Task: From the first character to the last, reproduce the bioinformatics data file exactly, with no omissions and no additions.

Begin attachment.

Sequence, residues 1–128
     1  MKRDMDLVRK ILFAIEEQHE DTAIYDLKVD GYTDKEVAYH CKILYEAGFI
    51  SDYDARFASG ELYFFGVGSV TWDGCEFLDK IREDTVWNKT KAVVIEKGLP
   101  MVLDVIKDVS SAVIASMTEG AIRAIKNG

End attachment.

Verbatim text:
Sequence, residues 1–128
     1  MKRDMDLVRK ILFAIEEQHE DTAIYDLKVD GYTDKEVAYH CKILYEAGFI
    51  SDYDARFASG ELYFFGVGSV TWDGCEFLDK IREDTVWNKT KAVVIEKGLP
   101  MVLDVIKDVS SAVIASMTEG AIRAIKNG